This is the last of a three part series. See “Home, Part 1” and “Home, Part 2” in the previous two posts. Wishing all of of you, whether I know you or not, a nice home weekend.
What does it mean when our lover puts a toothbrush in the bathroom for us? What does it mean when we give them a key, and how is that key different from the key we leave with our neighbor for safe keeping? I remember a friend’s exclamation when her boyfriend gave her a drawer for her clothes at his house. Welcome. Trust. Love. Knowing we belong.
What happens when seeing that toothbrush in the morning is no longer a welcome site, or anything else that goes with that love, spouse? Years ago, a friend said, “I just need to get alone.” At first, we thought she was telling she needed a loan. “No,” she said, “I need to be alone.” She needed to move out of the apartment she shared (secretly without her parents knowing) with her boyfriend.
What happens when we lose his or her trust or lose that trust in them? What happens when we fall out of love?
Maybe nothing. How many toothbrushes are sitting in the house, memories too precious to throw away and not willing to institute the insult of using them to scrub nooks and crannies? A found key: I know whose P.O. box it belongs to. No use giving it back; of no use in any way. A key. A toothbrush. A found sock.
A stack of strawberry soda that my grandmother used to keep in a room just off her kitchen.
It was a mountain that never seemed to dwindle. The endless supply was meant not so much to lure her grandchildren as it was a message to her daughter that those grandchildren should spend more time with their grandmother. Even though we spent three weeks most summers of our childhood in New Orleans, grandma wanted mother to send us for longer, extended stays, long enough to make a dent in her proud pile of red “cold drink.” It was more than a hint. It was “proof,” of course, that we, her grandchildren BELONGED there, with her, the right of her grandmotherhood.
That visit would never happen. Grandchildren grew into young adult grandchildren and then into adults. They became too busy to take a near month-long chunk out of their summer and then too old to really care about red cold drink. I don’t know if she, little by little, gave the soda away to the neighbor children, if they were slowly pilfered by the one son she had who never really got his life together or if a large pile of soda was her only company when she was stricken by the stroke that would, in little time take her life.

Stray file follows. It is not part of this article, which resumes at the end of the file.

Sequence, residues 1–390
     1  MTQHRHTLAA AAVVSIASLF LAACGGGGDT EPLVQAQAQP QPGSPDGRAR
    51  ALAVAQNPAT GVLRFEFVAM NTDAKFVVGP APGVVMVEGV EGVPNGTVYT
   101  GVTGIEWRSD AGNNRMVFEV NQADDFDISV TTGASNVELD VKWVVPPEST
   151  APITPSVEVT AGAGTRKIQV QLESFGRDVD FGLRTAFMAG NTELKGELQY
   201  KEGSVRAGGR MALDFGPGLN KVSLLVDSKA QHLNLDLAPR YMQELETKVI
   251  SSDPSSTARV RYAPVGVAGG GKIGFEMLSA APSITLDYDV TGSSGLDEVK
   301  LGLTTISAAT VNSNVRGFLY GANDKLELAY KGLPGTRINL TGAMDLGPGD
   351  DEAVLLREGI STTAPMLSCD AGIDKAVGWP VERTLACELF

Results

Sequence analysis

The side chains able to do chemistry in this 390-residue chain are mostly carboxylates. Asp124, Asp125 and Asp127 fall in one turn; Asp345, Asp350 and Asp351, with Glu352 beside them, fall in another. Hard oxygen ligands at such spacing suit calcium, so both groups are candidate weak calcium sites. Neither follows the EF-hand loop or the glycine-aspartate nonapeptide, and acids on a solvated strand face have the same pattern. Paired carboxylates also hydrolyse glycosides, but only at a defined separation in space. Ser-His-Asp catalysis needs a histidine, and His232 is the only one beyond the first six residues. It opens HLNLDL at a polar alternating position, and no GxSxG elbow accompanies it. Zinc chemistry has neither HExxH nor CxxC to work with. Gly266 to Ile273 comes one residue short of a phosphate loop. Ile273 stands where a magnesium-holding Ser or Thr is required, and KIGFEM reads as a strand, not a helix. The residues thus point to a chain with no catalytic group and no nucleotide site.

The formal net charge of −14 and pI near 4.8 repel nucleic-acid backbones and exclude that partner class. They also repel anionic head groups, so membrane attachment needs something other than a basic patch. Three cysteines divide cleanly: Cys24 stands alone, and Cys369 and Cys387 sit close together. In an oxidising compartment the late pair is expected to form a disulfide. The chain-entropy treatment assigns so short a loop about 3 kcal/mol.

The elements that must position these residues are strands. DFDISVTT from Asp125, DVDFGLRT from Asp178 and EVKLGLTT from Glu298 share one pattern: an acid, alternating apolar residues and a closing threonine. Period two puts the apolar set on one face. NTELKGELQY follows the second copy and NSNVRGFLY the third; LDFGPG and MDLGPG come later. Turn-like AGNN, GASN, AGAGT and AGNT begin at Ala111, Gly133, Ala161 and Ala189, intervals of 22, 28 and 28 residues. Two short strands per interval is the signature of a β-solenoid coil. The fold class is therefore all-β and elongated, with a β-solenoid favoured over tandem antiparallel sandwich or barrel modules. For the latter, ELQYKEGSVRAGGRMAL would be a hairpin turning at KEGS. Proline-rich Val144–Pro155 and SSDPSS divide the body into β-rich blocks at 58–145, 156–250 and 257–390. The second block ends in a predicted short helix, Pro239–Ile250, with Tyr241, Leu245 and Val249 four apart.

In the quarter century since her passing, I have wondered who else would sit all day on the front stoop waiting for me come arrive in a place that was especially for me. I wonder for whom I will sit on that stoop. Is the extra toothbrush in the linen closet just another pile of strawberry soda sitting in the back room?
Like grandma, we sit and imagine the object of our love. We wait with toothbrush, special tea, special cereal, whatever white or colorful noise helps them sleep. We want to create a space that will prompt someone to ask as that love ventures without knocking to cross our threshold, “Do you live here?” We look to have such a place of our own; we long to find other places were those we love make us belong.
On that late spring afternoon, I walked into Mary’s house, as I had so many other days, like I lived there. On that or any other day, another friend might have walked through the unlocked door and waited for Mary, sitting on the day bed on which that they would not have guessed—or bothered to think that she and I had made love.
Others would walk into the kitchen and wait for her and wait for one of the many important discussions we had there that could change the world, if only it would listen. That John walked in with me and that a dozen others would soon follow, I confined the two of us to the living room, bathroom and kitchen. We waited. Other days, I waited: waited on that day bed; waited in the kitchen; waited with open cupboards as the contents of those cupboards waited for me; waited in the quiet white walls and no noise in the bed of the farthest back bedroom, free, welcome and wanted. I was free to fall asleep, lie awake, make myself at home.
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